What I suspect might have happened is that most people shortened the title
        arbitrarily to "Kitab Al-Unwan" from the longer title, and then this
        resulted in a strange mechanical translation of "Book of the Title." This
        then has simply been repeated from one footnote to the next (and one
        web-page to the next).

        Your thoughts?

        Bob Webb.


        > -----Original Message-----
        > From: crosstalk2@yahoogroups.com
        > [mailto:crosstalk2@yahoogroups.com] On Behalf Of Bob Schacht
        > Sent: Monday, June 27, 2005 12:22 PM
        > To: crosstalk2@yahoogroups.com
        > Subject: Re: [XTalk] Translating Agapius' Arabic title
        >
        >
        > At 02:44 AM 6/27/2005, Bob Webb wrote:
        > >I'm doing a little work on Josephus' Testimonium Flavianum.
        > As many of
        > >you well know, Agapius, a 10th century Arabic bishop cites a
        > different
        > >version of it in his work Arabic work titled Kitab al-'Unwan.
        > >
        > >This reference is often cited as coming from "Book of the Title" but
        > >other references are to "Universal History".
        > >
        > >So, two questions:
        > >
        > >(1) Does anyone know enough Arabic to be able to translate Kitab
        > >al-'Unwan?
        >
        > Well, Kitab is "book" (my memory is confirmed below); Kitab
        > al-'Unwan is
        > apparently the short version of the title, the longer being
        >
        > "Kitab Al-Unwan Al-Mukallal Bi-Fadail Al-Hikma Al-Mutawwaj Bi-Anwa
        > Al-Falsafa Al-Manduh Bi-Haqaq Al-Marifa." The approximate
        > translation would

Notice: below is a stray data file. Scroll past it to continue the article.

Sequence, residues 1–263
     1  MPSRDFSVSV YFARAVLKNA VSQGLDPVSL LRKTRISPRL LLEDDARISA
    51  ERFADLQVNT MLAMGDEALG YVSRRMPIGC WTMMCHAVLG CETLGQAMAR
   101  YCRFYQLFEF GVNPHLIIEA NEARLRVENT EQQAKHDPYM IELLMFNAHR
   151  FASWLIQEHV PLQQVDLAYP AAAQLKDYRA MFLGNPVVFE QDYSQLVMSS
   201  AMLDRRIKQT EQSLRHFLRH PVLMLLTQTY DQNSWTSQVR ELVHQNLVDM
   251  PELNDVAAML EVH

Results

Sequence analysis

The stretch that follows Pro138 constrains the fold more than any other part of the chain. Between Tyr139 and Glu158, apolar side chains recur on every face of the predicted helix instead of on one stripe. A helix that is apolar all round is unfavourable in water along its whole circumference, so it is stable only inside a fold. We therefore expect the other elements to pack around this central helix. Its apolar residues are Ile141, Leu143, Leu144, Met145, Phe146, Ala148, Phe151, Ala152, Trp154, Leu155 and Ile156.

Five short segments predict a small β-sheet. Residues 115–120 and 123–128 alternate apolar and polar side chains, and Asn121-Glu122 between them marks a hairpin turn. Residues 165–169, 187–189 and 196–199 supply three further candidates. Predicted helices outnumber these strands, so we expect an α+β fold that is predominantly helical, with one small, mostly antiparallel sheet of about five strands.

> be: "Book of History Guided by All the Virtues of Wisdom.
        > Crowned with
        > Various Philosophies and Blessed by the Truth of Knowledge."
        > http://www.greatcom.org/resources/areadydefense/ch18/default.htm
        >
        > Arabic manuscripts have a 'title page' or cover with an
        > "Illuminated opening," A decorated panel above the start of a
        > treatise (called an unwan) in
        > Islamic
        > <http://www.nlm.nih.gov/hmd/arabic/glossary.html#manuscript>ma
        > nuscripts.
        > The intricate painted design incorporated geometrical and
        > floral motifs,
        > and they could include a lozenge in which the title of the
        > treatise would
        > be written, for example, or the
        > <http://www.nlm.nih.gov/hmd/arabic/glossary.html#basmalah>Basm
        > alah would be
        > inscribed.
        >
        > On Arabic books of the middle ages, see
        > http://www.muslimphilosophy.com/ei/kitab.htm
        >
        >
        > >(2) Does anyone know why there are the two different titles?
        > Is perhaps
        > >"Book of the Title" a reference to a single volume within the
        > >multi-volume "Universal History" or something else?
        >
        > I think "Book of the Title" is a literal translation, while
        > "Universal
        > History" is a characterization of the contents or a "free
        > translation".
        >
        > Bob
        >